We are paddling as fast as we can, but a big speedboat has us in its sights, like a muskellunge stalking a perch. Incredulously, we watch as it speeds up and heads straight towards us. At the last moment, it veers away, coming close to colliding with another speedboat travelling from the opposite direction! Perhaps it is true that brain-power is inversely proportional to horsepower, we wonder as we paddle into the safety of the shallow, rocky waters near shore and head towards the lock.
It was at St. Anne de Bellevue that the voyageurs of fur trade days received their final blessings at the church here before heading into the interior on their months-long voyages. There are shallow rapids separating the waters of the Ottawa and St. Lawrence that are now by-passed by the lock and canal. We decide to take the lock, and pay our 90 cents/foot fee. We are packed in with about a dozen big motor boats. The doors close behind us, and then the doors in front open. Everyone (except us) starts their engines, and the whole procession slowly moves out into the canal. There was no drop in water level, no swirling currents in the lock as water is sucked out. What’s going on? And then it dawns on us: We were duped! This year, the water in the St. Lawrence is still so high that there is no drop in level between lac des Deux Montagnes and the St. Lawrence. We could have just paddled right through.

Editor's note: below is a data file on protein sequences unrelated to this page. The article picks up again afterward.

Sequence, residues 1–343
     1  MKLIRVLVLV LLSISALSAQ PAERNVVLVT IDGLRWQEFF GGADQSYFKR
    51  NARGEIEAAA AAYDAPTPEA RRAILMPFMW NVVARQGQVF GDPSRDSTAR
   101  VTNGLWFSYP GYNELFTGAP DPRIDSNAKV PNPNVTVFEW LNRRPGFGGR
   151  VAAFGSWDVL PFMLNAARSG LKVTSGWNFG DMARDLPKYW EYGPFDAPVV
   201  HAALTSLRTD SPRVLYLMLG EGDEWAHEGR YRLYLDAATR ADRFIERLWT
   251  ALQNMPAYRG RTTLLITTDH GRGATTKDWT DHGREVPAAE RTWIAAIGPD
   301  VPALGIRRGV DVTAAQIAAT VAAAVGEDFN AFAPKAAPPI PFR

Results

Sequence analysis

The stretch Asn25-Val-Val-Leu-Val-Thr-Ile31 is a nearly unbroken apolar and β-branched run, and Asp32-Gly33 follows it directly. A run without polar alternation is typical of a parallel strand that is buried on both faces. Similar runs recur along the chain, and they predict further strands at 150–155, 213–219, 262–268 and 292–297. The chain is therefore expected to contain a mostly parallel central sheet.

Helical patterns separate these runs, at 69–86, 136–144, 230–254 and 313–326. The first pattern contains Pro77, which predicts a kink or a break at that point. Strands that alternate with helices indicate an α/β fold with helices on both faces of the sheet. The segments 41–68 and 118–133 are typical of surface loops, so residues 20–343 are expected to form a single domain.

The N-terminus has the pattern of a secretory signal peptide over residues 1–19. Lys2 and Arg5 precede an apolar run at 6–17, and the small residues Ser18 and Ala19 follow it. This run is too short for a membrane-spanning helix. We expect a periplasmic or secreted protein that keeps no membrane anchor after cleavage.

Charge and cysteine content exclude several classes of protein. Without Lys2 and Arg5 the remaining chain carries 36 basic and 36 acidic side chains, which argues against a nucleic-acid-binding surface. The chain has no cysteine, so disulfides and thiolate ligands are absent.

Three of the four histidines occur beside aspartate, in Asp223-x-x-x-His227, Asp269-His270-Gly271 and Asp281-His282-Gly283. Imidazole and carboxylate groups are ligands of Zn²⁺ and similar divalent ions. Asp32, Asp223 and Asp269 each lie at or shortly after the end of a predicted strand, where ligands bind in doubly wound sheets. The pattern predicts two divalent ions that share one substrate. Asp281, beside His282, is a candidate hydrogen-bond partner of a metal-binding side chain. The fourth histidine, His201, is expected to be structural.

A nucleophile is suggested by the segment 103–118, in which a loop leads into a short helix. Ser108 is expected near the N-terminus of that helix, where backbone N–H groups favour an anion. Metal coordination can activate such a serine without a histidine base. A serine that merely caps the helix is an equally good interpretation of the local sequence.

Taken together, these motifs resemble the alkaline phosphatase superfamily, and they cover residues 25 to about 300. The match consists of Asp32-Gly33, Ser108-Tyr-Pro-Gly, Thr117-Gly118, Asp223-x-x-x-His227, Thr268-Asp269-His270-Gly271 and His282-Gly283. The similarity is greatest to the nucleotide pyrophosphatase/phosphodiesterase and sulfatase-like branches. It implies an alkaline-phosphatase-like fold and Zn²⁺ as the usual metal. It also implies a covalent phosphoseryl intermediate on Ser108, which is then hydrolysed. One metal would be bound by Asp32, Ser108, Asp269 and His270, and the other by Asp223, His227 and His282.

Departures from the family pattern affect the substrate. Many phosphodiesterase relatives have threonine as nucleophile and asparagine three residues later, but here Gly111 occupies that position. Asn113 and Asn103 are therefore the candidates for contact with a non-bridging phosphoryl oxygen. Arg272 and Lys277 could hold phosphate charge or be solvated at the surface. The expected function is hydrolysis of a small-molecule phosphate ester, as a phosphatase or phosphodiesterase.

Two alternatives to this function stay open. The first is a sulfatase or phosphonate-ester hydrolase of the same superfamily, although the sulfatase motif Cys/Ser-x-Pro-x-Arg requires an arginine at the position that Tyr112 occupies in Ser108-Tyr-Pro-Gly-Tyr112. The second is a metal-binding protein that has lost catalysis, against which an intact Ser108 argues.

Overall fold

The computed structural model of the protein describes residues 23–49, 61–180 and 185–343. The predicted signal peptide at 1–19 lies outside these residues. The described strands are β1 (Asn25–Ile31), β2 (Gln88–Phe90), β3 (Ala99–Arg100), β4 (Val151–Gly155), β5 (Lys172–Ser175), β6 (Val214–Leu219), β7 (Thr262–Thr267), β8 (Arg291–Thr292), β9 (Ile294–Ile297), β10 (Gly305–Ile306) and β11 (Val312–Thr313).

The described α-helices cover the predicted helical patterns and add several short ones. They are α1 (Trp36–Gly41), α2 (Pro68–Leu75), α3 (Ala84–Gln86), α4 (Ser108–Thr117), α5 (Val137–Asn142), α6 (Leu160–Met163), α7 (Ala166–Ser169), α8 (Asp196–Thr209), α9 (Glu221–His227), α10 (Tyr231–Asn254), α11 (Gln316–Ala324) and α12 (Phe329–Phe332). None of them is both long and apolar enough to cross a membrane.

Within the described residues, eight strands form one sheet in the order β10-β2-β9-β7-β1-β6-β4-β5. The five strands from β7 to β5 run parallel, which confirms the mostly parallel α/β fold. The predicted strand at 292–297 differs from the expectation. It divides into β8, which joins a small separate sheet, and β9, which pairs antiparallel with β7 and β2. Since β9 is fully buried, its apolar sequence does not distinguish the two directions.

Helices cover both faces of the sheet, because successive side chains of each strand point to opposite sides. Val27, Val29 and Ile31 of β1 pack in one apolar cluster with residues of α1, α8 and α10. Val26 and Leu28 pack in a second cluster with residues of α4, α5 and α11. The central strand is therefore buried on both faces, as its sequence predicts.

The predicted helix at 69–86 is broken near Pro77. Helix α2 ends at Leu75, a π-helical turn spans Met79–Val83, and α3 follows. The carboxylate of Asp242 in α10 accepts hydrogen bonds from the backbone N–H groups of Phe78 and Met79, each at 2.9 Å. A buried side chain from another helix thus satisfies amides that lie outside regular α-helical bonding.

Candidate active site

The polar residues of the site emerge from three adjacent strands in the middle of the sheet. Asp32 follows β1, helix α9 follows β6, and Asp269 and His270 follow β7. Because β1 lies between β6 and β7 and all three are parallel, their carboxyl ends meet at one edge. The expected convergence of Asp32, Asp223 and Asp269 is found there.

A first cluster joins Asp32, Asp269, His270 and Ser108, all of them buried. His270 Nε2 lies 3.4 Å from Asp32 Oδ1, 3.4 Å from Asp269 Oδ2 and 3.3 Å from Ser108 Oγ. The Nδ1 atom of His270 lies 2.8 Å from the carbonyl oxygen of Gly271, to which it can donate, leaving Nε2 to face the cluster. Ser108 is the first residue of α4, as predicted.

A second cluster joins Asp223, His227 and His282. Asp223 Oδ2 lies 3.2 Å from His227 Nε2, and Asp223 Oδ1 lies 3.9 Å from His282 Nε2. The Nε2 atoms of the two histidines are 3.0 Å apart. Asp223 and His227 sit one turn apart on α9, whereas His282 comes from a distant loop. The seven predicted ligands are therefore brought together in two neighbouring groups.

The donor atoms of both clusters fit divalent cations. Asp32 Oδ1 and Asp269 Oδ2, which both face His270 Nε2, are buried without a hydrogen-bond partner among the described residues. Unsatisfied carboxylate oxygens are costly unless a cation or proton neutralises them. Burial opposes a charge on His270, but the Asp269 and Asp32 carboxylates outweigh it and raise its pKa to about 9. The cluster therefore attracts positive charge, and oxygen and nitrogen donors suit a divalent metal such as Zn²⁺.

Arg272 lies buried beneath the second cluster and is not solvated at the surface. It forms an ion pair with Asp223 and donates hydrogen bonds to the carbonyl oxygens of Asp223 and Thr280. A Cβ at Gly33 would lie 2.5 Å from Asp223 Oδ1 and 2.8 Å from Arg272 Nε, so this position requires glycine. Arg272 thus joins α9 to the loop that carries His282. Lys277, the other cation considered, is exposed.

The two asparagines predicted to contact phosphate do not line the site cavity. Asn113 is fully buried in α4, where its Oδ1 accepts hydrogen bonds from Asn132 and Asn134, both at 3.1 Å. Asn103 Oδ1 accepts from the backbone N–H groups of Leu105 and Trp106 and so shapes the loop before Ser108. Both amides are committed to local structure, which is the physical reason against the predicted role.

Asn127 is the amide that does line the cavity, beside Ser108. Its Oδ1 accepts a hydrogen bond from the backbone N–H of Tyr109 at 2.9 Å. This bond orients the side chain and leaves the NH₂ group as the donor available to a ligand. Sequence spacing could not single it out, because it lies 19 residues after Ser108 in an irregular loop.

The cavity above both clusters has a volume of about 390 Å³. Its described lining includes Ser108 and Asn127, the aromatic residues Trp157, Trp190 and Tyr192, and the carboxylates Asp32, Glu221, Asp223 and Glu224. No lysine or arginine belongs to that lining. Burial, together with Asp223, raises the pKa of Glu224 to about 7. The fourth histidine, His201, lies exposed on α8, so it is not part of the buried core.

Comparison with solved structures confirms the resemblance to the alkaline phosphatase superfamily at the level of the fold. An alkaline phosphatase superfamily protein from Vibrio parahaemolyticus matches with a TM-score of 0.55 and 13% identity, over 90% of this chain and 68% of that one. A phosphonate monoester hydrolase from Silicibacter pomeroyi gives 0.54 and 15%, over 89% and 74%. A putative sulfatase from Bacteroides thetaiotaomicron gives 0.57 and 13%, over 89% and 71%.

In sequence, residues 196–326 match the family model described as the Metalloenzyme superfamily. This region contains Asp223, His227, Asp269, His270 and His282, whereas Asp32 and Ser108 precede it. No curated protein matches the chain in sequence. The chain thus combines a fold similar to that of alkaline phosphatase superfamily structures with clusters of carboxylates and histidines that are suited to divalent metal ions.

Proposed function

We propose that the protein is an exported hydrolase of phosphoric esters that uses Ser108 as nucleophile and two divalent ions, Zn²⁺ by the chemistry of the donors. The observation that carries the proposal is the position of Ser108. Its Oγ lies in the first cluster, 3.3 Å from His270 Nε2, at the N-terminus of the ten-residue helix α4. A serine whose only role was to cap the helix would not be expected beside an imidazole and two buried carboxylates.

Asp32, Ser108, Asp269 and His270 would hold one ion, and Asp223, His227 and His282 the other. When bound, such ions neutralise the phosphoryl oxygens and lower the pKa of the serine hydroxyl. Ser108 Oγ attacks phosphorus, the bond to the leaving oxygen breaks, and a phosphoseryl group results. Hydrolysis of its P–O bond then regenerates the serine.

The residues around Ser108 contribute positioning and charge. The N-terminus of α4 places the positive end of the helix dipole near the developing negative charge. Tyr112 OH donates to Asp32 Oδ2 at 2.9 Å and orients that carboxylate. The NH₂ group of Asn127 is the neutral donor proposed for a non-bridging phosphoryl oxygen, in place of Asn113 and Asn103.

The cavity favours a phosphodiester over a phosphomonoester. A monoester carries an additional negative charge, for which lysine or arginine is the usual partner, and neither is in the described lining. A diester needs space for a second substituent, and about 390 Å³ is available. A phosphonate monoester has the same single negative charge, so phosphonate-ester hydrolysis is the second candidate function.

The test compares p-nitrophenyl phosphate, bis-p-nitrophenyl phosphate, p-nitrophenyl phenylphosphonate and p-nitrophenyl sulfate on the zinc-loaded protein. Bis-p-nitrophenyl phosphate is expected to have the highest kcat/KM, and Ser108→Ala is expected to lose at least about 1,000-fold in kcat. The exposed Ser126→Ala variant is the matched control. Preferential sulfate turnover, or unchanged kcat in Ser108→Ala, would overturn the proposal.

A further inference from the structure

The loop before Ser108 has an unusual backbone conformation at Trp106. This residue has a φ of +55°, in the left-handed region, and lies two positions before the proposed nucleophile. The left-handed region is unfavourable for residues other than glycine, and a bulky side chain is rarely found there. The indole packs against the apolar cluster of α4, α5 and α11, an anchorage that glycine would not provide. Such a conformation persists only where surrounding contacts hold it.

The Last Lap
We are in Montreal, but still have about 40 km left to go. We paddle along the shore of lac St. Louis (actually a widening of the St. Lawrence) and into the Lachine Canal, portage around two sets of locks, and tie up at a dock near a fancy floating restaurant, opposite the Atwater Market. We portage canoe and gear one last time, clumsily manoeuvring the canoe around two 90 degree bends and trudge up the ramp to street level. The restaurant patrons look on with mild curiosity. Back on our trusty wheels, we realize we are starving, and don’t go far before we lock up the canoe outside the Green Spot Diner. We sit down, at last, to a well-deserved meal, before hauling the canoe the last few kilometres to my apartment, just in time for classes tomorrow.